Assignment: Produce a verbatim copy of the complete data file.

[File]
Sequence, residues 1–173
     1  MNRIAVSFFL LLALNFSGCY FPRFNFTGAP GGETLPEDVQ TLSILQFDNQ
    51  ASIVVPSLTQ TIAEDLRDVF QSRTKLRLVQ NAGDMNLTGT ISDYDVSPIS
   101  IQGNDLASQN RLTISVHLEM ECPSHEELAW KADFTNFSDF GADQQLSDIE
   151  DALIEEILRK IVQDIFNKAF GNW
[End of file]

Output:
Sequence, residues 1–173
     1  MNRIAVSFFL LLALNFSGCY FPRFNFTGAP GGETLPEDVQ TLSILQFDNQ
    51  ASIVVPSLTQ TIAEDLRDVF QSRTKLRLVQ NAGDMNLTGT ISDYDVSPIS
   101  IQGNDLASQN RLTISVHLEM ECPSHEELAW KADFTNFSDF GADQQLSDIE
   151  DALIEEILRK IVQDIFNKAF GNW